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Lookup NU author(s): Dr Rob ForsythORCiD
This is the authors' accepted manuscript of an article that has been published in its final definitive form by Wiley-Blackwell Publishing Ltd, 2019.
For re-use rights please refer to the publisher's terms and conditions.
Abstract. Purpose: Collaborative goal setting is essential to provide child and family centred rehabilitation following acquired brain injury (ABI). Setting goals is challenging and requires prediction of rehabilitation outcomes in areas which children and families prioritise. This study aims to understand which goals children and families prioritise, and how accurately therapists predict the expected levels of achievement for these goals. Methods: 122 children with severe ABI admitted to a residential rehabilitation unit were included. Goal setting interviews were routinely held between therapists and the child and/or parents. Expected levels of achievement were set by therapists and reviewed on discharge. Goals were retrospectively mapped onto the International Classification of functioning, disability and health. Descriptive analysis of goal chapters, and accuracy of prediction was conducted. Results: 860 goals were set; 82% in activities and participation, most commonly in mobility, self-care and communication domains. Therapists predicted level of goal achievement accurately 46% of time (24% goals overachieved; 30% underachieved), and this was consistent across different goal types. Conclusions: Children and families prioritise mobility, self-care and communication goals during ABI residential rehabilitation. Predicating children’s outcomes is challenging, and children often over or under-achieve goals. Families need to be aware of this uncertainty during goals discussions.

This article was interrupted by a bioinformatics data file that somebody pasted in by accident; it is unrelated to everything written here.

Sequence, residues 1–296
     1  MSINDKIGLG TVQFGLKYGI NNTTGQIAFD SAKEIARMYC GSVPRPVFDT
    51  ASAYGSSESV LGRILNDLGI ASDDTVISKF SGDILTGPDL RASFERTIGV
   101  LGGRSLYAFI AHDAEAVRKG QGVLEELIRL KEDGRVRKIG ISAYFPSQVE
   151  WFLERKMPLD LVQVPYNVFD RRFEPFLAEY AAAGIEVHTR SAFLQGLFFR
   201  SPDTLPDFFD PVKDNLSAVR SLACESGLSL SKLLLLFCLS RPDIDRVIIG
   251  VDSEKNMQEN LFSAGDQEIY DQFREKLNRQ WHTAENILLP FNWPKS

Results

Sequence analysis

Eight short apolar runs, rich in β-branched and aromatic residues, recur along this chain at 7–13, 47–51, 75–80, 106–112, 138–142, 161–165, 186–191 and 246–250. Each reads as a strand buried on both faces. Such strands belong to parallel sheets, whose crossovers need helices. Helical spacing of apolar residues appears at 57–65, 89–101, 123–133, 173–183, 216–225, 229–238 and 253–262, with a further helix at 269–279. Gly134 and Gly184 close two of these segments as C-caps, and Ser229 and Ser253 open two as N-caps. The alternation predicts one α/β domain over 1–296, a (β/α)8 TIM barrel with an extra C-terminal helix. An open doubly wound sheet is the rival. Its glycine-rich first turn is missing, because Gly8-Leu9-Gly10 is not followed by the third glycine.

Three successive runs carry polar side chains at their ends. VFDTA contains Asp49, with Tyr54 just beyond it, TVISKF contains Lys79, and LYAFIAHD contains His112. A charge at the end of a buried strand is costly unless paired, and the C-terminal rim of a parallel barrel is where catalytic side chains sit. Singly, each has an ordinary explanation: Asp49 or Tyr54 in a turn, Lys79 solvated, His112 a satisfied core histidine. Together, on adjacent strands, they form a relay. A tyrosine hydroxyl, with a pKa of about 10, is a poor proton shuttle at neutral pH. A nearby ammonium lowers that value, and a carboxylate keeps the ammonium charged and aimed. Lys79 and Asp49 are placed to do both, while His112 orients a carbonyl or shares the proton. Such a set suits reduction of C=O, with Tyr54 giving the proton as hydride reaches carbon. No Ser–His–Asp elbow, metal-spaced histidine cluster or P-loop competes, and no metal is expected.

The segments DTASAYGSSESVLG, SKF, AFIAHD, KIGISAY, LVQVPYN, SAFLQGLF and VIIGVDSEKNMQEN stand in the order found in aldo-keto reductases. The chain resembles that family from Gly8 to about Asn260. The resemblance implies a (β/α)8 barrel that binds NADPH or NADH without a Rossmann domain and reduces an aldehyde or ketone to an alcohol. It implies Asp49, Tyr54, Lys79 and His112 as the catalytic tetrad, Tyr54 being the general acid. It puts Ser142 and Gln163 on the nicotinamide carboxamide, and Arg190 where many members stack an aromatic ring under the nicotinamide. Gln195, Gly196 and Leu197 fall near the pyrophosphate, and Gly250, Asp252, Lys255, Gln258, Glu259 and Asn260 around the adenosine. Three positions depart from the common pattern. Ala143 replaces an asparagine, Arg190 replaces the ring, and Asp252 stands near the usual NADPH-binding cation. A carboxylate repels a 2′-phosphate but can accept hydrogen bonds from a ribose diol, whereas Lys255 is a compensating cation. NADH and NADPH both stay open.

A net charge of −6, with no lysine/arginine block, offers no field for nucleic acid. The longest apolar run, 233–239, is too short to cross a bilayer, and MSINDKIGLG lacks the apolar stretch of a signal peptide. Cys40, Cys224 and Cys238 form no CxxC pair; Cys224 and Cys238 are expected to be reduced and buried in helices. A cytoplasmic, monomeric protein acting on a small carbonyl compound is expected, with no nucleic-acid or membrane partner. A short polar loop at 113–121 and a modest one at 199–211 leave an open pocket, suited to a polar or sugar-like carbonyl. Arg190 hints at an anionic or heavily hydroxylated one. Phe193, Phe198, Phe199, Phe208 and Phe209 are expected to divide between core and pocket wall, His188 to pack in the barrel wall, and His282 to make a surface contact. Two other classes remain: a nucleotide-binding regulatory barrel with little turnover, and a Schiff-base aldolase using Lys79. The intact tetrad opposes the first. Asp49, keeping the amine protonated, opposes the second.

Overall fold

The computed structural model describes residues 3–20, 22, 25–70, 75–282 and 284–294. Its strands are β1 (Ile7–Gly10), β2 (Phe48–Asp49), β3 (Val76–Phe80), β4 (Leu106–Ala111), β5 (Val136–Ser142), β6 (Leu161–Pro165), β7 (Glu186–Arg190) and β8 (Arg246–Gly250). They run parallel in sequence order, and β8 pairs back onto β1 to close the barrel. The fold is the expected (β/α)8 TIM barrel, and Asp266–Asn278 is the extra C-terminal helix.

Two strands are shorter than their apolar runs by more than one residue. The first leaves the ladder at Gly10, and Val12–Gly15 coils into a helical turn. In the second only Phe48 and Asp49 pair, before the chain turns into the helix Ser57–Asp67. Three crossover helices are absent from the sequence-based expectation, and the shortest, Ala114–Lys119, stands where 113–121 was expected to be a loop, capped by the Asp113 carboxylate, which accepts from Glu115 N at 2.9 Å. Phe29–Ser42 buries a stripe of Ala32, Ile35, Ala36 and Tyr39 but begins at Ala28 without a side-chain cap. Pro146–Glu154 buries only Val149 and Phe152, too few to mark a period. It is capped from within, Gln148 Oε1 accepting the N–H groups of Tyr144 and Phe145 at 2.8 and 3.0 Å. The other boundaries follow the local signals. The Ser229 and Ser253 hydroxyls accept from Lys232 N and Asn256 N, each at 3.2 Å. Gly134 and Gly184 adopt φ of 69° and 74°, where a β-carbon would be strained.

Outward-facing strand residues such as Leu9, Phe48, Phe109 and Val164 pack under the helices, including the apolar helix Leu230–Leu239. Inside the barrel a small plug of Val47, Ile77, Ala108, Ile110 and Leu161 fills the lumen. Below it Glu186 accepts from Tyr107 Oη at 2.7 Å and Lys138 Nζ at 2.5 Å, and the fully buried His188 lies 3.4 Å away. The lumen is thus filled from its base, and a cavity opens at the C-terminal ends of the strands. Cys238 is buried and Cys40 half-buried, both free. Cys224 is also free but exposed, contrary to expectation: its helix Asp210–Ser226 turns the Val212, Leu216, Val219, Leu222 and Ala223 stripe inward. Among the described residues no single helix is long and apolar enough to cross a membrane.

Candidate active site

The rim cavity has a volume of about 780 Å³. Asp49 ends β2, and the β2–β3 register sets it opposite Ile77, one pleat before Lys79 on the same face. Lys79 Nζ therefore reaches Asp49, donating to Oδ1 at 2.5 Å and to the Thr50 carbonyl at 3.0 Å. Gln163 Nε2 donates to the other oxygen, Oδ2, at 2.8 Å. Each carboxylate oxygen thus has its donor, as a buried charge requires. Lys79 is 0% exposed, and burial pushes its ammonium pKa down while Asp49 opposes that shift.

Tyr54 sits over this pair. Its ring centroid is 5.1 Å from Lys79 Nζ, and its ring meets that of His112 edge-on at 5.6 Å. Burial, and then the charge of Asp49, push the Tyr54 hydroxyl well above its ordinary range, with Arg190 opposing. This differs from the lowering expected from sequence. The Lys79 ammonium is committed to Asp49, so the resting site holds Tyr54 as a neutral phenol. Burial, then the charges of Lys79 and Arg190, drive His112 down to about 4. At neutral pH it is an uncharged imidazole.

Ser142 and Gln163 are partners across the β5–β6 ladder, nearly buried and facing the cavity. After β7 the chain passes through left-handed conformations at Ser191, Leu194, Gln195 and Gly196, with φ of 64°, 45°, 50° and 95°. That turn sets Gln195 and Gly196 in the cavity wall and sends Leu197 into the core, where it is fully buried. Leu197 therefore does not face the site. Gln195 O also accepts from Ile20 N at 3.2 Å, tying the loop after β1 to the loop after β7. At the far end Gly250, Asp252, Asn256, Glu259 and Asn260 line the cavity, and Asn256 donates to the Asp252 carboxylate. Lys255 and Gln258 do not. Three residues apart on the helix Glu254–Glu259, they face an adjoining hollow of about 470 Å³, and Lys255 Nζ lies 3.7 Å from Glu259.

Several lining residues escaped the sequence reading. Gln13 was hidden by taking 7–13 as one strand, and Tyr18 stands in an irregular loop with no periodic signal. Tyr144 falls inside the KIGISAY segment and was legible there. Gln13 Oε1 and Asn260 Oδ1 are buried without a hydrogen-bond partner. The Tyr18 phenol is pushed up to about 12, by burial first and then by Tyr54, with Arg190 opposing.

Author(s): Kelly G, Dunford C, Forsyth RJ, Kavcic A
Publication type: Article
Publication status: Published
Journal: Child: Care Health and Development
Print publication date: 01/03/2019
Online publication date: 21/12/2018
Acceptance date: 18/12/2018
Date deposited: 18/12/2018
ISSN (print): 0305-1862
ISSN (electronic): 1365-2214
Publisher: Wiley-Blackwell Publishing Ltd
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